Media excited, locals cautious on Adani mine environmental approvals

Posted February 3, 2016

The Project_Adani

The Bowen community has reacted cautiously to news that Adani has been granted environmental approval to mine coal at its Carmichael lease in the Galilee Basin.

Bowen is just south of Abbot Point, which is part of a mine, rail and port investment by the Indian utilities and energy giant that is touted to produce and handle six million tonnes of thermal coal a year for export.

The Environment Department issued 140 conditions late on Tuesday for what will be Australia’s largest coal mine.

In normal circumstances the town would be jumping for joy, said local real estate agency principal Tony Doyle.

He quoted the situation of joint venture GVK Hancock which has been in court for 12 months fighting another round of appeals.

A mining lease may be some time off, Mr Doyle said.

“History has shown us that someone will have a crack at that approval,” he said. “GVK is ahead of Adani and they still have not got a mining lease.”

The qualified environmental approvals is a hot issue around the country.

The ABC reported that nine of the environmental conditions related to the protection of the black-throated finch, as required by the Land Court in December after a case brought forward by a conservation group..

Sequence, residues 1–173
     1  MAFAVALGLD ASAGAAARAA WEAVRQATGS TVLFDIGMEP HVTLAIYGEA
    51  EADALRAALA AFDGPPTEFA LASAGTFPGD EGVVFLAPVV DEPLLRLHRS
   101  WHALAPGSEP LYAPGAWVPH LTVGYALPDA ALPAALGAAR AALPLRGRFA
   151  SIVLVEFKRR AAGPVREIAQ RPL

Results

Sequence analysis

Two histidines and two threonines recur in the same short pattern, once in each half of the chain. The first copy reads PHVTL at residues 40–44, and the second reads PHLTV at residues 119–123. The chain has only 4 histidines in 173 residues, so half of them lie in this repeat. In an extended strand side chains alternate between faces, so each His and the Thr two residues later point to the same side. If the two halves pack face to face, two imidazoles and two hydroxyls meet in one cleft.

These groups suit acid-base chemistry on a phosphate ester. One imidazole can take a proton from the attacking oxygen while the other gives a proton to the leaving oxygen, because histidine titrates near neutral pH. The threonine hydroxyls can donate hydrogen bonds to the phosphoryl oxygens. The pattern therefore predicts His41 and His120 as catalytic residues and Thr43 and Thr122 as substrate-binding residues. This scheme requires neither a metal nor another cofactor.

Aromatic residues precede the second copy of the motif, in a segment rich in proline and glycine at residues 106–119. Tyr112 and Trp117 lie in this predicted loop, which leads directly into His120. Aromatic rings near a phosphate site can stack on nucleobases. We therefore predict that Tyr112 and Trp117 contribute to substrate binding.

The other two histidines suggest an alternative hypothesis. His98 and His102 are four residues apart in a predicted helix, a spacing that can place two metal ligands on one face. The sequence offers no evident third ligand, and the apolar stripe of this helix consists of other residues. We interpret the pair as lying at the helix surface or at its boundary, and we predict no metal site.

Step through the key events in the planning of Australia’s biggest mining project, the $16 billion Carmichael coal mine in remote central Queensland.

The Courier Mail said Adani faced a major setback last year when the Mackay Conservation Group successfully launched a Federal Court action under the Environment Protection and Biodiversity Conservation Act, challenging Federal Environment Minister Greg Hunt’s approval.

The Australian Conservation Foundation said last night the Palaszczuk Labor Government had failed the public and the environment by granting the Environmental Authority.

“If it goes ahead, the Carmichael coal mine would create billions of tonnes of pollution, making climate change worse and irreversibly damaging the Great Barrier Reef,” ACF chief executive officer Kelly O’Shanassy said.

The decision also led the debate on environmental interference in planning decisions run on Channel Ten’s The Project.




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